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Working Stiff: Two Years, 262 Bodies, and the Making of a Medical Examiner Hardcover – August 12, 2014

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Editorial Reviews


“Far from the magic we see on TV, Working Stiff describes forensic pathology in the real world. The book is a compelling and absorbing read.” (Kathy Reichs, author of the Temperance Brennan "Bones" series)

"Fascinating case studies and a refreshing irreverence toward death and autopsies make Working Stiff a funny and engrossing read." (Sandeep Jauhar, author of "Intern: A Doctor's Initiation" and "Doctored: The Disillusionment of an American Physician")

Working Stiff is an engrossing and revealing glimpse into the making of a medical examiner with a searing insider's view into working at the New York Medical Examiner's Office during and just after 9/11. The story of how the author dealt with her father's suicide during childhood and later had to deal with suicides as part of her duties is wrenching and compelling." (Jan Garavaglia, M.D. (Dr. G from the Discovery Channel Series and author of "How Not to Die")

"A riveting read, at once compassionate and morbidly fascinating." (Todd Harra, author of "Over Our Dead Bodies")

"Working Stiff is an eye-opening, gripping account of the life of a forensic pathologist working in New York City. Whether dealing with routine autopsies, surviving relatives, or the catastrophe of September 11, Dr. Judy Melinek reveals the dignity of being human in the face of death." (Leora Tanenbaum, author of "Taking Back God")

"In this engrossing tale of how Melinek became a forensic pathologist, she pulls back the sheet to show readers just what goes on after someone dies... Armchair detectives and would-be forensic pathologists will find Melinek’s well-written account to be inspiring and engaging." (Publishers Weekly)

"Both chilling and heart-warming at the same time, Judy Melinek's account explains how empathy and humanity are as important working with the dead as they are with the living. She strikes the balance just right in helping us better understand what we most fear, yet still fear it all the same." (Suzanne Nossel, Executive Director, PEN America Center)

"Melinek’s enthusiasm for her calling is always apparent, and her writing is un–self-consciously bouncy, absorbed and mordant (though not caustic).... A transfixing account of death, from the mundane to the oddly hair-raising." (Kirkus Reviews)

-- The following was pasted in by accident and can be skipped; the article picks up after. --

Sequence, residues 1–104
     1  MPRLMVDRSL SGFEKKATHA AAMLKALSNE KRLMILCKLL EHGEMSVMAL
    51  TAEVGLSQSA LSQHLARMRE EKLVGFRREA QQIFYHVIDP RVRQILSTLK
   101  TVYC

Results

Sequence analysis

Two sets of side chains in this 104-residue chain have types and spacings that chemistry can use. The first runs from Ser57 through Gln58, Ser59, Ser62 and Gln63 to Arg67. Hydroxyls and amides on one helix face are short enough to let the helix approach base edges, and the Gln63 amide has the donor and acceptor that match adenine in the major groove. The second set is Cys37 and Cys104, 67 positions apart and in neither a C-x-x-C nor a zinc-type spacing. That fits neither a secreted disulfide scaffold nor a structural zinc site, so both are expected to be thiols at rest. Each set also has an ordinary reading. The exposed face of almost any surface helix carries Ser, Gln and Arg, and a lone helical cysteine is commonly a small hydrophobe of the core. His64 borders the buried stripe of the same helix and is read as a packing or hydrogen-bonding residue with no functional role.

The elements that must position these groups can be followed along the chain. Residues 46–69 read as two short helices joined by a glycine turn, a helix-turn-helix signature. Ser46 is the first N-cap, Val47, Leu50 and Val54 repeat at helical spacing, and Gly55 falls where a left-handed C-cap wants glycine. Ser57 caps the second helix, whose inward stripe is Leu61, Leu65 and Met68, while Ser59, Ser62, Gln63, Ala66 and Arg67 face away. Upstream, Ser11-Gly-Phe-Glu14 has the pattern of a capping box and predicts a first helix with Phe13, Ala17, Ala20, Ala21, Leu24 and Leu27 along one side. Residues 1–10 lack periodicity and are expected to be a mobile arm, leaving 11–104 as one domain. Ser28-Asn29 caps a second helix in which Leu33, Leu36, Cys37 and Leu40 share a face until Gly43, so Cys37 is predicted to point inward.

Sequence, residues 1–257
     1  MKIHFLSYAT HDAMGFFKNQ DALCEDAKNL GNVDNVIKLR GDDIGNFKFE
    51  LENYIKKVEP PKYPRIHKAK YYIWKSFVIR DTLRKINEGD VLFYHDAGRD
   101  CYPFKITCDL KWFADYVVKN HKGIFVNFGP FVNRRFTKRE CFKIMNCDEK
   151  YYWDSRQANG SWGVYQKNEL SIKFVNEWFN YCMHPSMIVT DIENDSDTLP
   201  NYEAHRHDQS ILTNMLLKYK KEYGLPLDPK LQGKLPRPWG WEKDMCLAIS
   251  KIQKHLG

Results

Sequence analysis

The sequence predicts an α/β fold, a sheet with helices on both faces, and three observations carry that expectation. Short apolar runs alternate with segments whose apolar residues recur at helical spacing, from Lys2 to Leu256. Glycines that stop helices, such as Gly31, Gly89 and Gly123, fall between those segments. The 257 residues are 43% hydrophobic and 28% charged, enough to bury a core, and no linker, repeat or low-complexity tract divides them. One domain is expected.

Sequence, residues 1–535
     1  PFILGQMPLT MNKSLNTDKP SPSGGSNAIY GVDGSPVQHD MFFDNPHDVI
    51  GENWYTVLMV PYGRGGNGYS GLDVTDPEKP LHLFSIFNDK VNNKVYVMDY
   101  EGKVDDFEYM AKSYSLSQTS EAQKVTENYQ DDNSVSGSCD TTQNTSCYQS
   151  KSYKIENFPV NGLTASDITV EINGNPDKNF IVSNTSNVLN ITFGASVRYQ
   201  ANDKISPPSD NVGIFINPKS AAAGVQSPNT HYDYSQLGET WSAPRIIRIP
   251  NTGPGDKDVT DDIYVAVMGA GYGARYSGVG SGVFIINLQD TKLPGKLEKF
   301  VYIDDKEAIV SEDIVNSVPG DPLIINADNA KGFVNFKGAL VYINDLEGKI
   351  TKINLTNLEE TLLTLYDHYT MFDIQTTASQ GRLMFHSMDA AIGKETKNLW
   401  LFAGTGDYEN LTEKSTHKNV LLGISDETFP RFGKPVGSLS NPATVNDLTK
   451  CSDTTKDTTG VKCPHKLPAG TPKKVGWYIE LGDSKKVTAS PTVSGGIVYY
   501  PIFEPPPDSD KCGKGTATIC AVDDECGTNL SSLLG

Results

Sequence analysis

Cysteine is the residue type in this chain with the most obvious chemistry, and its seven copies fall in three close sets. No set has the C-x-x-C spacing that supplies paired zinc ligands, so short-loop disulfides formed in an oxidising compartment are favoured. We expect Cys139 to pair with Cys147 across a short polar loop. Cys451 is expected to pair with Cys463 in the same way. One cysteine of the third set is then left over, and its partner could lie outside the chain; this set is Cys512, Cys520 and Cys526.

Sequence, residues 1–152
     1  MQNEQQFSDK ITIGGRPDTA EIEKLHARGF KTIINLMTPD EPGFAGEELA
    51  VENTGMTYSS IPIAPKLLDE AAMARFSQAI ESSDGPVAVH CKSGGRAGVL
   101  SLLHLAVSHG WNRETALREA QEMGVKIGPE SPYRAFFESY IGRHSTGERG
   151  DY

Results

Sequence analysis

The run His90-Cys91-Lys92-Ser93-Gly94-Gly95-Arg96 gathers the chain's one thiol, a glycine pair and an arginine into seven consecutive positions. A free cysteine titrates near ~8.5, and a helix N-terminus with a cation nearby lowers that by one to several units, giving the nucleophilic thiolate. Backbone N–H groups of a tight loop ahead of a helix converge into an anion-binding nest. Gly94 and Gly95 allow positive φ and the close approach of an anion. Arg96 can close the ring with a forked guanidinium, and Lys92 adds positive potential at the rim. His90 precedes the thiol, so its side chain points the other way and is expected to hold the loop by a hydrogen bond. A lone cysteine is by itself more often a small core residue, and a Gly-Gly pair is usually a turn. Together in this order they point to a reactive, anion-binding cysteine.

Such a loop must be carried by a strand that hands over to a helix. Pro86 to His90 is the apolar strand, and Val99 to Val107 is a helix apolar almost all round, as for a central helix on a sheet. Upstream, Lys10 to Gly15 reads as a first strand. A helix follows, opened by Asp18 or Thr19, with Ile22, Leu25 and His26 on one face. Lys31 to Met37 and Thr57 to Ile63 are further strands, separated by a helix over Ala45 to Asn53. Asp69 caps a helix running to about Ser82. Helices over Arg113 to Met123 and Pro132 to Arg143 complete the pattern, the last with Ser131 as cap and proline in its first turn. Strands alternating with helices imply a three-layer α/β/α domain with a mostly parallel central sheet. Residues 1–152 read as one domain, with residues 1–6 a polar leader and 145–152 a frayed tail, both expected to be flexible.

Working Stiff is the grossest book you'll ever love. But it is also so much more than that: Seamlessly fusing memoir, science journalism, riveting whodunit mysteries, and light humor about a dark topic, Working Stiff is a relentlessly fascinating and informative book from the first page to the last. Judy Melinek--whether she's re-enacting assaults in a courtroom while heavily pregnant, or fighting with lazy homicide detectives, or solving amazing forensic mysteries through the ghastly things she does with her corpses--is an unfailingly charming and even inspiring guide to the world of medical examiners. A remarkable achievement by Mitchell and Melinek. (Scott Stossel, editor of The Atlantic magazine, and author of the New York Times Bestseller "My Age of Anxiety")

"Spellbinding. . . . Melinek is movingly empathetic toward the families of victims. . . . An unforgettable story." (Booklist starred review)

"Working Stiff is a page-turning, engrossing book that reveals a hidden world and shows that the work of understanding death is actually a labor of life.” (

"Melinek chronicles her time at the city’s Office of the Chief Medical Examiner — and it’s nothing like what you see on television." (New York Post)

“The flamboyant disclosures—how to handle rotting flesh or use pruning shears to snap ribs—are balanced by her soul-baring account of identifying human remains in the wake of the terrorist attacks in New York on 11 September 2001.” (Nature Magazine)